Welcome to Uruguay!  As I'm waiting for the aduana guy to give me my papers back, I got a chuckle out of this sign.  "Welcome to Uruguay.. now get out! (Salida)"  Of course it's not what they're saying.. And then below in English. "Welcome to Uruguay, sorry for the inconveniences caused.."  Ha! Now I'm worried, I wonder what's going to happen?

The road out of Colonia is a pretty one!  I'm expecting to see a golf resort any minute now..

I traveled along a really boring road to my first stop, the capital, Montevideo.

This building in the center really caught my eye as I was exploring downtown. It's called Palacio Salvo, built by an Italian architect in 1928.  Originally built to be a hotel, it was a bit too big to keep full, so they turned the units into luxury apartments.

Moving on up to the next big city, Punte del Este and a must-see to ride over the wavy bridge at La Barra!!

I think there should be more wavy bridges in the world.. are they earthquake tolerant??

If Argentina has old cars, well so does Uruguay.. both countries are like taking a huge step back in time.. it's nice, I like it!

View from my camp spot, Uruguay

I rode back to Colonia a day early.  The bike was acting a bit funny and I couldn't put my finger on it.  Also I wanted to be in town to do some banking business, stay the night and explore before catching the morning ferry back to Buenos Aires.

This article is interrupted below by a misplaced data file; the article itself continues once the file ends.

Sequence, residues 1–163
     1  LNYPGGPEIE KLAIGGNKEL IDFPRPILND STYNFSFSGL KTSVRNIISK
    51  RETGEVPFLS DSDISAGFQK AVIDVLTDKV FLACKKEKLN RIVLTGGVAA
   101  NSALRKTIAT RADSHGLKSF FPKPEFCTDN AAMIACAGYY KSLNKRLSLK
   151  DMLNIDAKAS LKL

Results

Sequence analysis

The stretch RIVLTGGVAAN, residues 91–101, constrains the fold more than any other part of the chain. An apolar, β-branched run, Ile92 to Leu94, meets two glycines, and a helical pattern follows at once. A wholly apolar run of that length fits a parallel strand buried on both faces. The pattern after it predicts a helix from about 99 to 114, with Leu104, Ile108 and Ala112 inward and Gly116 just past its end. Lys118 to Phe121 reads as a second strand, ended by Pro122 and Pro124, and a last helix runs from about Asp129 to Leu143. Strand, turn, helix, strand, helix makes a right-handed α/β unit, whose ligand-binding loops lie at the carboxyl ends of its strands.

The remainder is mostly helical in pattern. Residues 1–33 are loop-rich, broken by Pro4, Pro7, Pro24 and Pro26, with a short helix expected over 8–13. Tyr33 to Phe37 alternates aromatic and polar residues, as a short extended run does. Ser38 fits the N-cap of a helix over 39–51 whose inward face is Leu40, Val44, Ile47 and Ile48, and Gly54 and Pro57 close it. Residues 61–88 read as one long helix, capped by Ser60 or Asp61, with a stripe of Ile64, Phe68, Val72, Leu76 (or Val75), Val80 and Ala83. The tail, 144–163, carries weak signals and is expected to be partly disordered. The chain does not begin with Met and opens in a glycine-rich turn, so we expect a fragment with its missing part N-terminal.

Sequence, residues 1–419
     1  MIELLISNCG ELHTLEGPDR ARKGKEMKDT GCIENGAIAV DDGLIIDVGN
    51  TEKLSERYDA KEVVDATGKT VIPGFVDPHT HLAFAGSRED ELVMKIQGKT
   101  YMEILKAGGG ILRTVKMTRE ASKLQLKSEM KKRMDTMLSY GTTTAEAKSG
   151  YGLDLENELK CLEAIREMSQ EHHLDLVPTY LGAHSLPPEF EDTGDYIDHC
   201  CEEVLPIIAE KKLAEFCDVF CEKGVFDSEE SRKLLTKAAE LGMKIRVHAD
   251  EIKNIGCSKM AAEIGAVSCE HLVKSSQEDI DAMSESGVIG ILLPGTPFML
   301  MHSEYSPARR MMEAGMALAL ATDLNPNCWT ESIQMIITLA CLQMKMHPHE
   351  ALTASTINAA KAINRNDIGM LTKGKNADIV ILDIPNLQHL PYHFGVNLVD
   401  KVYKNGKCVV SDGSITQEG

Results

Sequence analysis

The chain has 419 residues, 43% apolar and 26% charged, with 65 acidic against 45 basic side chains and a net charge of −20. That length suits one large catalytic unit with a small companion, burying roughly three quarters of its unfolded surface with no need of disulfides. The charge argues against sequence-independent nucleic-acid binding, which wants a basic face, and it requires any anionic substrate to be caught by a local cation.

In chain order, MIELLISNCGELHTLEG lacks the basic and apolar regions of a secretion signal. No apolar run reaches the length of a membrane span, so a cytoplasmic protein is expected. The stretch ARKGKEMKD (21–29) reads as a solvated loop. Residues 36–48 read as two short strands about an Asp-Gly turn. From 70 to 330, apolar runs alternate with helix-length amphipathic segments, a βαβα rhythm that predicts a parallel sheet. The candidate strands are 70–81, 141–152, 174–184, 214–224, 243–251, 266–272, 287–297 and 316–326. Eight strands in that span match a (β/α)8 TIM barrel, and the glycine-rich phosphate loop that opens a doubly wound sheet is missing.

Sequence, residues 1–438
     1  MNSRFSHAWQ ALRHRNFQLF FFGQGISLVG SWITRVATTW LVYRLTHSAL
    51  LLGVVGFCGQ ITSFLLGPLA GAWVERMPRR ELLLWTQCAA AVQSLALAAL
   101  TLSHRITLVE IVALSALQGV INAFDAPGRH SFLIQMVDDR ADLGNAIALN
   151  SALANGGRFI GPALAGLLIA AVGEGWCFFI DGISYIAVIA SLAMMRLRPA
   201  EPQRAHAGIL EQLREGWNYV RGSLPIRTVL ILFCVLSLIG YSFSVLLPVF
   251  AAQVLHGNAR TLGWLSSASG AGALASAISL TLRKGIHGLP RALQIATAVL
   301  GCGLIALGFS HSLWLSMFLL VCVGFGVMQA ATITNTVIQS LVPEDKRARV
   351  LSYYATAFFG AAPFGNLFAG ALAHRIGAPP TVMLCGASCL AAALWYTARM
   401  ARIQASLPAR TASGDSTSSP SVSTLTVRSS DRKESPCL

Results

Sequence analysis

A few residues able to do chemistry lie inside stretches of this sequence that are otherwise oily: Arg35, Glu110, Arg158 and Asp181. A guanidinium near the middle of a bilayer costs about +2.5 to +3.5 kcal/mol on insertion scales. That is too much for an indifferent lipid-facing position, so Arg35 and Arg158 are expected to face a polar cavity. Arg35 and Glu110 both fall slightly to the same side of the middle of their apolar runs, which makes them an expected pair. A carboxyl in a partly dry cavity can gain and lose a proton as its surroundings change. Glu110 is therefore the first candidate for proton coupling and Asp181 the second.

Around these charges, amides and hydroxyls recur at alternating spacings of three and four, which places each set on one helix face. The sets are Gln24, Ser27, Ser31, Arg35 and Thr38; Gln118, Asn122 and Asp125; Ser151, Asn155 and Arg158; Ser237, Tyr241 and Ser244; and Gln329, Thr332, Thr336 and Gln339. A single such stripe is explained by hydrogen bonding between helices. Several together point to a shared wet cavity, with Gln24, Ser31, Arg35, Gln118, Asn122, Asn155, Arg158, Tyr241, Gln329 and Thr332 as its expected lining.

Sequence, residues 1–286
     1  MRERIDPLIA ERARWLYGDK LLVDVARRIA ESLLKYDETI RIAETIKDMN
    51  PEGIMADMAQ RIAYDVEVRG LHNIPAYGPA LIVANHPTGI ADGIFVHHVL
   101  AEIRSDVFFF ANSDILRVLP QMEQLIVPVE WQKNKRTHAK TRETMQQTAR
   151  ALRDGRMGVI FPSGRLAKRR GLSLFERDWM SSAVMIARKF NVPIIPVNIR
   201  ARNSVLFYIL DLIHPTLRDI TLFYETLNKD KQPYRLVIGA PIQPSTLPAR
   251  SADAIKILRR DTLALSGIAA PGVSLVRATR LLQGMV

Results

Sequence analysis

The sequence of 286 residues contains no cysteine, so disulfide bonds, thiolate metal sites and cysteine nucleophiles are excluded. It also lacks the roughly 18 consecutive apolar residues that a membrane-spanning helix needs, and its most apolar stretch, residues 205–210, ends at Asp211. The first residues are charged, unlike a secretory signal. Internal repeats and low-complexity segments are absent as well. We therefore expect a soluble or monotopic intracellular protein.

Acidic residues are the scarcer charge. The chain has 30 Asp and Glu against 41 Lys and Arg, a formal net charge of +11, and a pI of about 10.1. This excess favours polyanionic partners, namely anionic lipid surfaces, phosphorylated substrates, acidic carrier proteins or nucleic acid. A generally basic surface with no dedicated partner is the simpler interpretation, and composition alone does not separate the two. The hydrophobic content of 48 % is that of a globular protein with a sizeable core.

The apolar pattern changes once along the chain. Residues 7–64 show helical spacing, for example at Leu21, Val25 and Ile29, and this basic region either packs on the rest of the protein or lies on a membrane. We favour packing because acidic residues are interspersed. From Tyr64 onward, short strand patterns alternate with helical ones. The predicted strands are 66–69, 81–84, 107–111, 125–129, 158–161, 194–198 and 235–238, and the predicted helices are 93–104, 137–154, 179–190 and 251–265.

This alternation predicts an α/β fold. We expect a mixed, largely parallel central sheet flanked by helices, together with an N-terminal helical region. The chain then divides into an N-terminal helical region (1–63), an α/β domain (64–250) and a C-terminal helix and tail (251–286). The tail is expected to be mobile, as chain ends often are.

Colonia was built by the Portuguese.  Clearly evident in the architecture and the stone streets!  This historic center is a world heritage site.

I know I've shown a few old cars on the road.  This one is not for travel. They use it outside the restaurant.  You can sit inside for a cup of tea if you like! Looks very limiting for business, but a cute idea! ;-)

This so much reminds me of south Portugal.. memories!!

I spotted the ferry arriving from Buenos Aires.  I can't get my head around this muddy water. I hear about so many people coming here to retire and I imagine that water would get to me. I'm a bit spoiled and prefer the blue/green waters of the world! Anyway, it's a mix of the Atlantic Ocean with river water from Rio de la Plata. Here is an aerial view to give a better perspective Aerial view muddy water from Colonia, Uruguay to Buenos Aires, Argentina.

The next morning I pack up my bike and I had a gut feeling that I wished didn't come true.  The bike wouldn't start.  I tried and tried, it's not a dead battery.. just dead!  I don't know what it is.. I'm not sure I want to know.  But what can I do.  I've already booked and paid for the ferry ticket.  Luckily, while staying in Colonia, I was close enough and able to roll my motorcycle down hill to the ferry port.. how lucky is that!!??  I checked in at immigration, then rolled my bike through the line to board the ferry.  I was not happy.. at all!